7 Get involved Betty is very involved in campus activities. She is a member of the Black Student Union and a Lion Ambassador. She attends many of the Teaching International seminars and other club sponsored events on campus. She said, Attending these events allows me the opportunity to gain new insight and knowledge about topics both foreign and familiar to me. Betel Gebre Betel Betty Gebre has travelled more in her 19 years, than most people ever will. Born in Ethiopia, her family moved to Georgia when she was just seven years old. Betty also spent a gap year in Ecuador, between high school and college. She worked with children there, teaching them English and computers. She is now an International Politics major and soccer player at Penn State Greater Allegheny. Quote to live by Nelson Mandela said, Education is the most powerful weapon which you can use to change the world. Betty agrees and said that it is important for one to stay open-minded and eager to learn as the world is constantly molding; it is impossible for one to say they have obtained all of the knowledge in the world. Why Greater Allegheny? Betty said, I remember looking at the It s Your Time videos for the different campuses and finding Greater Allegheny; I did not think it was possible that a campus of its size could offer such diversity. The reason I am here and the reason why I choose to stay is because of the staff, the environment, and the diversity I found here at Greater Allegheny. Betty loved that the campus was designated as an international campus. Real Students Real Stories Why International Politics? As someone who aspires to contribute to the development of the world, I believe I have the obligation to speak up for those who are not as lucky to have had the opportunities that I had, for those whose voices are silenced or are unheard. I believe that by studying International Relations I am able to be more aware of the issues the world faces and to see how I fit into the equation of bringing change. Giving back Betty has planned and participated in a number of events on campus and in the region. She planned an International Women s Day event on campus. She also spoke to minority students at McKeesport High School, encouraging them to take Advanced Placement classes. I wanted to tell the students that they are capable of achieving their dreams. Advice from Betty Betty wants to tell future Greater Allegheny students that If you want to go to a college that allows you to be more than a number, that provides all the resources you need, staff that truly cares about your success, and an environment that let you gradually adjust to the college life, then you have chosen wisely. College is really about what you make of it and if you are open to the possibilities you will be surprised at what you find. 2014/2015 Nittany Lines 7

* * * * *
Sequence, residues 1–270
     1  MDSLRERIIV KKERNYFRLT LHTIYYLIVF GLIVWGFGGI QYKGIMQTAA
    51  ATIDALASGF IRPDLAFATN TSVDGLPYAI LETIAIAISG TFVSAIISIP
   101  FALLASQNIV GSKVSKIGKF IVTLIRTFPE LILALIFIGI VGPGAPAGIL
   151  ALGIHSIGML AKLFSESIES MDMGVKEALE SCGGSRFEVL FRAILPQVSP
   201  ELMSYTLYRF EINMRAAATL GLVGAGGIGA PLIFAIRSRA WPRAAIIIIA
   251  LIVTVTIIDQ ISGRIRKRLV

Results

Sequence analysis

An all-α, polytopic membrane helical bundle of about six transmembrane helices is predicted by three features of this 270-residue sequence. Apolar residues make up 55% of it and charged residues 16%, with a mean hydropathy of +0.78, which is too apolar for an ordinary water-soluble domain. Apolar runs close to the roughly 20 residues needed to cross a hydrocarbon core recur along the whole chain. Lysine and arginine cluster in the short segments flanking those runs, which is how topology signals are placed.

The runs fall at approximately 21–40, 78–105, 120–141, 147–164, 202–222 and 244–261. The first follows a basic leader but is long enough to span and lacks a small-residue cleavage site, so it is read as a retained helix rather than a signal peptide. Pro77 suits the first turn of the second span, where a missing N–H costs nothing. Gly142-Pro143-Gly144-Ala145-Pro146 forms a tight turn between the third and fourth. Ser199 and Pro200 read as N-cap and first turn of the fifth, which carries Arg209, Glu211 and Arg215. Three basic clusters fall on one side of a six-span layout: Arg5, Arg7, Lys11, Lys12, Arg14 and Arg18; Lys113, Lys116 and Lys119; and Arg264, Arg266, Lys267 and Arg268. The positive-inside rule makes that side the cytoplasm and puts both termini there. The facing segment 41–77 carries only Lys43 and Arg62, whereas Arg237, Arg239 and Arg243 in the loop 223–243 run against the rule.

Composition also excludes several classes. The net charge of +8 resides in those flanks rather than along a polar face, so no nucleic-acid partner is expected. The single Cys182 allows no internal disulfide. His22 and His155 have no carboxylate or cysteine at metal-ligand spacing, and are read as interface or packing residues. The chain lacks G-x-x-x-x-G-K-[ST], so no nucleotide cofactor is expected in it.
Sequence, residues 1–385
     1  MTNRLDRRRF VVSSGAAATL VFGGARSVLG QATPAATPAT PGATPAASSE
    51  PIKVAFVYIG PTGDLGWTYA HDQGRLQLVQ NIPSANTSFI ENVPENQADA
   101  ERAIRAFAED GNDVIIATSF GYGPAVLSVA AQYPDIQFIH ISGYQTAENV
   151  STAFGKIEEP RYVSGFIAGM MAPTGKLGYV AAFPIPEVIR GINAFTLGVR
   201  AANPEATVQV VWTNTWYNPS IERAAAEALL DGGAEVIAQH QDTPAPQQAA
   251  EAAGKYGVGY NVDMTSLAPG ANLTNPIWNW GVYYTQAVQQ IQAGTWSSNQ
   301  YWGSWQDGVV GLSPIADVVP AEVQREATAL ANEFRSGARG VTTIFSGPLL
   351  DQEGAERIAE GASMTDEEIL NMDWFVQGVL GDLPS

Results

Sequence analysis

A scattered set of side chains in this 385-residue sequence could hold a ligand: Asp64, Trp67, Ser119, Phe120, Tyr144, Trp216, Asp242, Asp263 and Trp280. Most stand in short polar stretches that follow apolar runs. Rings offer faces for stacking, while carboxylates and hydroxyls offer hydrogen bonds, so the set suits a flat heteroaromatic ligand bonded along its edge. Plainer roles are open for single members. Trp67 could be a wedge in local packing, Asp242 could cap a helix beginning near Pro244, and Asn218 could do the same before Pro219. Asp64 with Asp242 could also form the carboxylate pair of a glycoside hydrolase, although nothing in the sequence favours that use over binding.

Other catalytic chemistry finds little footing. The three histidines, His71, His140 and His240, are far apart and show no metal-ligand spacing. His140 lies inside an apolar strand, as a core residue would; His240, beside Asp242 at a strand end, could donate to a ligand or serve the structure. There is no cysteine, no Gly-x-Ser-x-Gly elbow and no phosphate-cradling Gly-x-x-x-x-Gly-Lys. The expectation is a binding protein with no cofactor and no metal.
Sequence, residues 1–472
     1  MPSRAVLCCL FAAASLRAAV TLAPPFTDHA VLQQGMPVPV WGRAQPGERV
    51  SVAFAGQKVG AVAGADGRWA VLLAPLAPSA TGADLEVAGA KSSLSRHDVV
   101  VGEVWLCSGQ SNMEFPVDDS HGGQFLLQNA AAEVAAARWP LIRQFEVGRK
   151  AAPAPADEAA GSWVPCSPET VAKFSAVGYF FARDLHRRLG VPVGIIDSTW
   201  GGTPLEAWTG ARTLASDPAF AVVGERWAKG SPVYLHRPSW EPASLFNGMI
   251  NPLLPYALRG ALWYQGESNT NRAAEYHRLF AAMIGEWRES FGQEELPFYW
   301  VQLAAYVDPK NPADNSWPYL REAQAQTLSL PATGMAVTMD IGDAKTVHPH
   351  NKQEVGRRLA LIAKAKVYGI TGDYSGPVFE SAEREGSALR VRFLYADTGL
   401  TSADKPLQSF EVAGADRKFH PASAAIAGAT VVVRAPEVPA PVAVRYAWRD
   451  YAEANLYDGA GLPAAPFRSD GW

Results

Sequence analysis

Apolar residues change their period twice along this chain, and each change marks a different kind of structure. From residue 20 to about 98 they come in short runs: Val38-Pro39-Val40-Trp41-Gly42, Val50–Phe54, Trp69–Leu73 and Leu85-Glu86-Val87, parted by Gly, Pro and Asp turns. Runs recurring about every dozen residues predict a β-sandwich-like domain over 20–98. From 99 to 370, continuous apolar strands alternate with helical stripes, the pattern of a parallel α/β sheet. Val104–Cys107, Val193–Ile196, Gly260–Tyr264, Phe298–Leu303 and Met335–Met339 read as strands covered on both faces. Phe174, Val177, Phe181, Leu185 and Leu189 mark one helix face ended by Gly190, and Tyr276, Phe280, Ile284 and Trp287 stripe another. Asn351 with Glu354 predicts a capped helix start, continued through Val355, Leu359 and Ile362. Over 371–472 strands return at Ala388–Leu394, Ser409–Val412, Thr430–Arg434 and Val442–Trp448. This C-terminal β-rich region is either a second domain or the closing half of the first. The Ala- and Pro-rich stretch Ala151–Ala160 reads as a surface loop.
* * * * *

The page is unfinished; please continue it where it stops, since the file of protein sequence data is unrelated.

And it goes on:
8 Real Students Real Stories Alyssa Finocchi Women s volleyball player Alyssa Finocchi really liked the idea of going to a small campus, while getting a Penn State degree. Originally I wanted to go to University Park after two years at Greater Allegheny but decided to stay because Greater Allegheny offered my major and I would also have the opportunity to play volleyball for an additional two years, she said. Greater Allegheny is different than other campuses because it s a small close-knit community. Everybody knows each other and is friendly on this campus. Many of the teachers know the students by name and are always available to give advice or answer questions. An athlete and a scholar Alyssa has been captain of the Greater Allegheny women s volleyball team since her sophomore year. She is also a great student. She has been awarded Penn State University Athletic Conference (PSUAC) Academic All Conference, an award for athletes with a GPA of 3.0 or higher, all three years she s been playing. She has also earned PSUAC Honorable Mention and First Team PSUAC, in addition to player of the week several times for PSUAC and once for the United States Collegiate Athletic Association (USCAA.). Motivation She said, The awards have meant a lot to me because I never expected to get these recognitions while playing in college. There is a lot more traveling than in high school and the teams are more competitive. I have learned to always try my best and give 100% as well as motivate my team to do the same. These awards have shown me that hard work and dedication really do go a long way. Wise Advice from Alyssa The schoolwork is a lot different than high school. You have to be focused from day one in order to not fall behind. There will always be options that seem better than homework or studying but ultimately you are going to school to learn. I would also advise students to participate in a sport or a club because this is a great way to meet new people and make long-term friends. 8 Penn State Greater Allegheny Giving Back Alyssa enjoys giving back to her community. She has volunteered at a youth volleyball camp in Baldwin with younger student athletes, as well as at Baldwin High School volleyball camps. She enjoys being able to see her old coaches, get some extra playing time, and helping younger kids learn the sport. Alyssa s future At Greater Allegheny Alyssa has learned a lot about diversity and becoming friends with people from different states and even different countries. A Business, Marketing and Management major, Alyssa s dream job is to one day own a boutique or clothing store while designing clothes as well. She said. I chose this major because I am interested in selling techniques and leadership skills. It also gives me a wide variety of job options.